But we have to try to dismantle the American aversion to privilege.
This starts with admitting our own privileges freely and with more humility. I am very privileged. I also worked very hard to make a career for myself, and I was lucky and supported by other people. All of that combined means that my kids will be born into a financially secure household. They will not have to worry about health or eating well. They’ll have fun; they’ll work hard and play hard. They’ll travel and make memories that they’ll later write about in essays for internship applications.
They’ll have a good start. They might screw it up, but they’ll have a good start. They won’t have worked for that at all. We’re giving it to them.
Isn’t that what every parent wants to do? Don’t parents want to give their kids the most sure-footed start that they can? Privilege is not something evil to run away from or deny. Accepting it can help us build some bridges.
White privilege isn’t an attack on any one person. It’s not about comparing one person to any other person, or about cherry-picking a poor white kid and rich black kid. Doing so just confuses the subject. Instead I like to think of white privilege as part of how we might answer a very complicated question.
The question is: How long does it take to remedy centuries of oppression?
The ideas behind white privilege suggest that it takes longer than you might think.
In the 1950s, the GI Bill helped veterans of World War 2 buy houses and go to college. It was a tremendous benefit–someone can begin to build wealth on the back of that benefit. Of the first 67,000 mortgages insured by the G.I. Bill, fewer than 100 were taken out by people of color. That was also a time when many of the best universities legally prohibited black students from enrolling. How many generations does it take to build wealth? Some of you might still have relatives living who were denied a mortgage or university admission because they were black.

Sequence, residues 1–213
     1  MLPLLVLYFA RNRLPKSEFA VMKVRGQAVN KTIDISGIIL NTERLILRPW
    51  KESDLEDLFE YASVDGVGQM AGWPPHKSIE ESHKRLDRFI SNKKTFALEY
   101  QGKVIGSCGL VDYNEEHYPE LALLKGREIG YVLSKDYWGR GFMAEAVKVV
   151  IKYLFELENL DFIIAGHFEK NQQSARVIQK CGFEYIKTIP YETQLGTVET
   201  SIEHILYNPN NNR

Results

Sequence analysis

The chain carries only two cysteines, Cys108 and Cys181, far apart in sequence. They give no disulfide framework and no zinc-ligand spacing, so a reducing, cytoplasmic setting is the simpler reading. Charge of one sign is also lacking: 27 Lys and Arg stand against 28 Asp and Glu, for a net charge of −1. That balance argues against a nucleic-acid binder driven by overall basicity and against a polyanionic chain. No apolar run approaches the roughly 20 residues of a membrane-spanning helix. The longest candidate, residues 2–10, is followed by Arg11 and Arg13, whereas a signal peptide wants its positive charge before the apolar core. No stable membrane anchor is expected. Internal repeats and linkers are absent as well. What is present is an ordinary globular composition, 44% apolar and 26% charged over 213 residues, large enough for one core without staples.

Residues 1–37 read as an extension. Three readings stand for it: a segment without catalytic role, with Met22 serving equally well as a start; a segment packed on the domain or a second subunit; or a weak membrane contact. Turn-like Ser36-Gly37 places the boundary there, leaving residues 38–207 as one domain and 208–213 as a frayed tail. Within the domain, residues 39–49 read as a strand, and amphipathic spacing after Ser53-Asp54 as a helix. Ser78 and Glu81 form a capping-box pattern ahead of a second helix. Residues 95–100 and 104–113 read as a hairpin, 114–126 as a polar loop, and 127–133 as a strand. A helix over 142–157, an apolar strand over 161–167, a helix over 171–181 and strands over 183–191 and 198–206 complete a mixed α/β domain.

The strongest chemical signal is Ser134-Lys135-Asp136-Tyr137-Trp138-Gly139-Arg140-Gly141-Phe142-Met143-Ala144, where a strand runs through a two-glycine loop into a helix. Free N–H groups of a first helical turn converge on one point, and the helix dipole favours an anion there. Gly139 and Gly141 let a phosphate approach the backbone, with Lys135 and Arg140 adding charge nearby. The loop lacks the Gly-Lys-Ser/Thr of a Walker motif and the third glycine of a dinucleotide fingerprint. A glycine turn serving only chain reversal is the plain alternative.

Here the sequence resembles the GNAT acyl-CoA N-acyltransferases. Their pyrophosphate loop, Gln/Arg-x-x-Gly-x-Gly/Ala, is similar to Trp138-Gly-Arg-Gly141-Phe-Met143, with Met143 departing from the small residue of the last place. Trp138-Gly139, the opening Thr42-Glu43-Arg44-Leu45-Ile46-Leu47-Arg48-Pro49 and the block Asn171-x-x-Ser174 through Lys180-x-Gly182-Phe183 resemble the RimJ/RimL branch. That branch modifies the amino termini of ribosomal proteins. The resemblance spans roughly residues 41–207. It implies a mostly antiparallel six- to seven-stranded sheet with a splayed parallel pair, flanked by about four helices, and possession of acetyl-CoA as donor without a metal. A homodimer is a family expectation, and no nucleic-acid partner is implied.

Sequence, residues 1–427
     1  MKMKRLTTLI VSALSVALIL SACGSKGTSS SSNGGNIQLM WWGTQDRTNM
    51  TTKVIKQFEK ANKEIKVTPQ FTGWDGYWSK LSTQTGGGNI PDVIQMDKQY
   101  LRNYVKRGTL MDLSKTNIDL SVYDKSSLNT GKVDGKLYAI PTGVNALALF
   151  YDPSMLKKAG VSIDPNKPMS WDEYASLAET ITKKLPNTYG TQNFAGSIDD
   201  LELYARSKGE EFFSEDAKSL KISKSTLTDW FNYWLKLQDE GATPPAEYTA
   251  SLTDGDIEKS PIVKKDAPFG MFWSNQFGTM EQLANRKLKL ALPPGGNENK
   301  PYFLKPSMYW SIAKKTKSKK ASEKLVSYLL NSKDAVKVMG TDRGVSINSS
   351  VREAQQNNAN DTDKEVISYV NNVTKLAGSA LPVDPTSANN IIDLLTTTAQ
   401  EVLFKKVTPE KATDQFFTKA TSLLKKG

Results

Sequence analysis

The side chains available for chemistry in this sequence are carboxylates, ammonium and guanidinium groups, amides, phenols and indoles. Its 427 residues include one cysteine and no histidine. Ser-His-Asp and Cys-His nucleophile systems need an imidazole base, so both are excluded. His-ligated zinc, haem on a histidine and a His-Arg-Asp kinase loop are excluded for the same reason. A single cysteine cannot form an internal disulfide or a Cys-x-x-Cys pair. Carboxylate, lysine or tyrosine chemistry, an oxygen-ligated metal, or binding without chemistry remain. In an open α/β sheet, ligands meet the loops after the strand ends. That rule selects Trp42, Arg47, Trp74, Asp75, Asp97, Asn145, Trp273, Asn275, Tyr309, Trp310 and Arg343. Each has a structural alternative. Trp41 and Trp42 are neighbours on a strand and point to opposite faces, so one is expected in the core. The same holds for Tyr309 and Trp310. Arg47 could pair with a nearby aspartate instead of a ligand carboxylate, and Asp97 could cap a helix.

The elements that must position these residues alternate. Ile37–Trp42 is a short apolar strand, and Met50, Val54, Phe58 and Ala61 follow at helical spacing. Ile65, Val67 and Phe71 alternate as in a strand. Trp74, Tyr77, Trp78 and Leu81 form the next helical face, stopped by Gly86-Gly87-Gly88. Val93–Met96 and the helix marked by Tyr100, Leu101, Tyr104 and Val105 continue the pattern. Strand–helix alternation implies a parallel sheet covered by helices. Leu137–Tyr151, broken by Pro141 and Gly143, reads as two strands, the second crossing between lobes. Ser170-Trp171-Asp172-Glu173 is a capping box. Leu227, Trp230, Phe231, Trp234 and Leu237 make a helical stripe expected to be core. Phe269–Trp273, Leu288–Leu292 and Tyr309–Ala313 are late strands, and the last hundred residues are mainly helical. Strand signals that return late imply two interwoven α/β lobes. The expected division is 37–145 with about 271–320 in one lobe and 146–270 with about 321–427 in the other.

So, how long does it take to remedy centuries of oppression? Are you open to the idea that it might take longer than you think?
Next month, when we’re sharing blessings at Thanksgiving, please consider not just how life would be if you hadn’t had a particular blessing but also how things would be if your lineage for hundreds of years had been denied many of those blessings. What is the impact of that kind of denial? What would it feel like to speak about that inequity? Is it hard to make that kind of claim and still feel the same sense of self-esteem that others do?
I might not have convinced anyone today that white privilege exists. But I hope I’ve at least made it clear that white privilege did exist. If we’re going to argue–and we should argue–let’s argue about how long it can take to unravel the overt inequality of the 1900s. Let’s argue about what the impact of having been denied equal benefits, equal colleges, equal suburbs, equal prison sentences might be.
And when we have those conversations, we need to do it better than we have been. Some of you might be thinking, “Sumeet, how dare you police my tone? How dare you tell me how to speak about my oppression.” And you’re right–I can’t do that. Many of you have taken on the tremendous emotional burden of speaking about this at all. I can’t ask more of you than the courage you’re already providing.
But some of you are like me. You know racism first hand, but you are also privileged to have had it easier than some. Of you, and of myself, I do ask more. Use your privilege to have the hardest conversations. Use it to know and to love the people who are within reach, even though reaching out hurts. See if you can build a bridge to understanding, instead of just being righteous.
There is a vision of this country where different ideas and different people all mix, and everyone has the same power to choose their path in life. It doesn’t feel to me like we’re getting closer to that vision. It feels like it’s drifiting away.
But I love this country. I’m an American, and I’m worried about my country. I think that part of the solution is to improve the way we talk about the most important subjects. That requires understanding that righteousness has a place and is important… but what I’d like you all to do is aspire to be persuasive.